Style As Substance: Melodrama Meets Action in The Island

"Just because people want to eat the burger doesn't mean they want to meet the cow."

Take Logan's Run, graft on some Fahrenheit 451, lift in a few visuals from The Matrix, sprinkle on some ideas from Blade Runner, place it in a world stolen in equal parts from Nineteen Eighty-Four and The Giver, and you've got The Island, a vague approximation of every science fiction trope to ever enter the popular imagination. The story is so derivative that it lost DreamWorks millions of dollars in out-of-court copyright infringement settlements. At its heart there's the remnants of a message about how the hierarchy of capitalism turns the lower class into a product to be consumed by the aristocracy, but any teeth this critique might have had are filed off when the second half of the film turns into a series of mindless chase sequences.

But it's too easy to attack Michael Bay, and as much as I think The Island does suffer from a severe lack of original ideas, that's not what I want to talk about. What fascinates me about Bay's filmography in general and The Island in particular is the way the tropes of melodrama are bleeding into the action genre. This is perhaps what frustrated many audiences about Armageddon and Pearl Harbor: the mix of big action scenes with sloppy sentimental romance doesn't sit right with a lot of folks. But here Bay is simply taking the lessons of a genre he loves (he has cited West Side Story as one of his all-time favorite films) and using them to play with a distinction already found in great action filmmakers from John Woo to Tony Scott. Action is inherently melodramatic; Bay just makes the unspoken emotional tensions explicit.

The primary way he communicates the exaggerated emotional sentiment of melodrama is through his cinematography. In terms of its visuals, The Island is the last great Michael Bay film before the director began leaving his work in the hands of digital design teams (he would eventually retake the reins for Pain & Gain, however). There are a few types of shots Bay absolutely loves: he loves anything with an exaggerated angle (high or low), he loves quickly traveling camera movements, but above all he loves the telephoto-lens close-up.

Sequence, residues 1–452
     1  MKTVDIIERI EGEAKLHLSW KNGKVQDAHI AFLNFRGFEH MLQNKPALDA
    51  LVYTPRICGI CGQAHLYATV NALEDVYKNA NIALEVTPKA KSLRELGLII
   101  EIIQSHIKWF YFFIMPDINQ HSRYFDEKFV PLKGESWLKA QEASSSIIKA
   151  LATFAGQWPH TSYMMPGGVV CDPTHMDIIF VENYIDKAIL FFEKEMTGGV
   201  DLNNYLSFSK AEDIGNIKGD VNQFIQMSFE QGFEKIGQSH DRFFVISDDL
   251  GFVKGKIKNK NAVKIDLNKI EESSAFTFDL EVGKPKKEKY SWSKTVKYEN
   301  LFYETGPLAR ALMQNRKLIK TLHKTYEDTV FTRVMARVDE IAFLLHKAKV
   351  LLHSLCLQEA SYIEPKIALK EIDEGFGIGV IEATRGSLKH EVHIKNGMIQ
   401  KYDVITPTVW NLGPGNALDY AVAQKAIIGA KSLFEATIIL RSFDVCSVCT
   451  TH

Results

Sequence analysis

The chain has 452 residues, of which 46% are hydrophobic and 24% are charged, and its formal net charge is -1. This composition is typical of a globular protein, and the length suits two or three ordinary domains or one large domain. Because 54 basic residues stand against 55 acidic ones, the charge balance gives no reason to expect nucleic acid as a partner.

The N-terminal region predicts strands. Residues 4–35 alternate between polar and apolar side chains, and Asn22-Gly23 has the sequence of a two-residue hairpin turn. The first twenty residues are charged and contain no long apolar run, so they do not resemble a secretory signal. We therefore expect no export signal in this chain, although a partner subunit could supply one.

This is a shot which strictly speaking violates the conventions of traditional realism. The long lens compresses the space within the shot into a single layer, creating a very dramatic, spectacular image (see example above). It is purposefully stylized in a way which draws attention to the psychological or emotional underpinning of the scene, creating an added layer of substance through its use of style. Style as substance. Cut to a telephoto close up of Ewan McGregor while he's relating the details of a dream, and suddenly our focus is pulled into the character's head, forcing us investigate his thoughts and feel the way he does.

This is a tactic often used in melodrama to punctuate important emotional turning points, particularly when lovers encounter each other or are separated. There's also frequent use of slow motion to push the point even further, another trope which Bay mimics in his action (there's even a parallel between him and Wong Kar-Wai in the way they both use step printing). The same principle of heightened reality works here; Michael Bay simply takes the next logical step by applying the technique to action. Rather than feeling the intensity of two lovers' affection, we feel the intensity of two enemies' antagonism (not to mention the way sex scenes and battle scenes are actually the same thing shown a different way, a point made particularly well by John Woo's Face/Off and, in a more direct way, by the only good scene in 300: Rise of an Empire).

This is part of the reason I prefer Bay's non-Transformers films: this sort of cinematography doesn't work with CGI robots, and whether or not the animators' work looks good, it still handicaps the director by taking tools out of his toolbox. I don't think The Island is a great movie by any means, but it's relatively inoffensive by Bay's standards (only one joke each at the expense of women and homosexuals) and showcases a lot of the talent that made him into one of the most promising American action directors of the end of the millenium. He knows his shots, and beneath his unapologetically vulgar exterior he has a sense of humanity—even if it takes heightened, unrealistic camera work to bring it out.

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